Campaigners, including the consumer champion Martin Lewis, have called for action to support the UK’s mortgage prisoners, who are trapped with their current lenders, which are often inactive or not authorised to offer new products. As a result, many of the “prisoners” are paying higher rates than they would otherwise need to.
They are often rejected when they apply for cheaper mortgages because they do not meet toughened borrowing criteria brought in after the 2008 financial crash, even if they are keeping up with repayments.
Mortgage Prisoners said they are feeling “disappointed, distressed, and betrayed” after MPs voted to reverse a measure that could have eased their plight.
The House of Lords had amended the Financial Services Bill to require the regulator to introduce an interest rate cap for affected households. It would also have ensured access to fixed-rate deals, in some cases.
However MPs voted by 355 votes to 271, to remove the amendment from the Bill, despite powerful representations on the mortgage prisoners’ behalf.
Conservative MP Kevin Hollinrake (Thirsk and Malton) pressed for the Government to offer more support.
He told the debate: “ It is the government of the day’s responsibility to solve this because this was a problem of a government’s making, indeed a Conservative government’s making – a coalition government – so we’re absolutely duty bound to find a solution here.”
Speaking in the Commons, Treasury minister John Glen said he takes the issue “extremely seriously” but added: “I am afraid that the Government cannot accept this amendment.
“We must continue to be guided by the facts and the evidence. And the FCA’s (Financial Conduct Authority) analysis shows that half of the 250,000 borrowers with inactive firms meet the normal risk appetite of lenders and could therefore switch if they chose to without any Government intervention.”
He later added: “Of those remaining 125,000 who cannot switch, 70,000 are in arrears and therefore many would not be able to secure a new deal even if they were in the active market.
“And these borrowers need to work with their lenders to agree an appropriate repayment plan. The remaining 55,000 who are within active lenders and are up to date with their payments but who cannot switch are paying on average only 0.4% points more than similar borrowers on reversion rates with active lenders.”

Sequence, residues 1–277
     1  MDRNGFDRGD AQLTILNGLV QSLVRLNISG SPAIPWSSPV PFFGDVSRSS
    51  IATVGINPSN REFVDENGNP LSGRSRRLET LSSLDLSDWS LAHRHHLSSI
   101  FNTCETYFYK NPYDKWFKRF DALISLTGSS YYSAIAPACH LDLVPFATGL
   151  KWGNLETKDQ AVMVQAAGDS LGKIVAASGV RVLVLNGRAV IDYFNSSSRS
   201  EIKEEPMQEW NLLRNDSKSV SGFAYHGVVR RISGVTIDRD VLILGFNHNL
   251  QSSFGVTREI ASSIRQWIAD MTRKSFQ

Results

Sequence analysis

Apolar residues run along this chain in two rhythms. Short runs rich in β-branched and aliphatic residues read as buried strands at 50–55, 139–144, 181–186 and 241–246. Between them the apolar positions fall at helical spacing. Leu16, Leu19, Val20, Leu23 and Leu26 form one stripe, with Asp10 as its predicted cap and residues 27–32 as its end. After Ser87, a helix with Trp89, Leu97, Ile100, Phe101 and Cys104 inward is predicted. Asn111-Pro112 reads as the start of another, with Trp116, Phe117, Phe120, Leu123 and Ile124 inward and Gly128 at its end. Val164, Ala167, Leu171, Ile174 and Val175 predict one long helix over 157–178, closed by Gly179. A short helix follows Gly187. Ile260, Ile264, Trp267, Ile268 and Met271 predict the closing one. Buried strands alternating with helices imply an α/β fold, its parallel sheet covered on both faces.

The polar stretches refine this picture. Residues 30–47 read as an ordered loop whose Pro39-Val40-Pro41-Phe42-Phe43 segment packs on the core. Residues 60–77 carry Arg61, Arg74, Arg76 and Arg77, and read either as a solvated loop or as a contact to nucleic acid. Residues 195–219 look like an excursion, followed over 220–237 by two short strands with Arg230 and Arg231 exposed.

Mr Glen confirmed he is “ready to engage” on the issue.
He added: “I will commit to continue dialogue to try and find a way forward, those are not empty words.”
A spokesman said the Treasury will work with the FCA on a review of their existing data on mortgage prisoners "to ensure we have further detail on the characteristics of those borrowers who have mortgages with inactive firms and who are unable to switch, despite being up to date with their mortgage payments".
The FCA will also review the effect of its recent interventions to remove regulatory barriers to switching for mortgage prisoners and will report on this by the end of November.
The Treasury will use the results of this review to establish whether there are any further possible solutions that can be found for these borrowers that are practical and proportionate, the spokesman said.
In a statement, the UK Mortgage Prisoners’ group said the vote marked a continued failure to put right the inaction of successive Governments, “which saw us pay for the iniquity of regulated banks in 2008, hiking our interest rates, and then selling off our homes to foreign and domestic vulture funds”.
The spokesman said: “This is a measure that would have provided immediate relief and significantly changed the lives of mortgage prisoners who have faced over a decade of financial and emotional misery.”
The ball is now firmly in the Government’s court. Many families are at breaking point.
To quote one parent, who is a mortgage prisoner with a young daughter: “ She never asks for much but I feel I fail her all the time due to the financial hell I am living in.”
Another mortgage prisoner said: “My children have had to live with the stress of our financial situation since they were born.”
Mr Glen must set up a task force to provide a speedy mechanism to ease the financial strain faced by mortgage prisoners.
The Government must also provide mental health support to families who are paying an appalling price for the banks’ follies, 13 years after the world was rocked by the financial crash.
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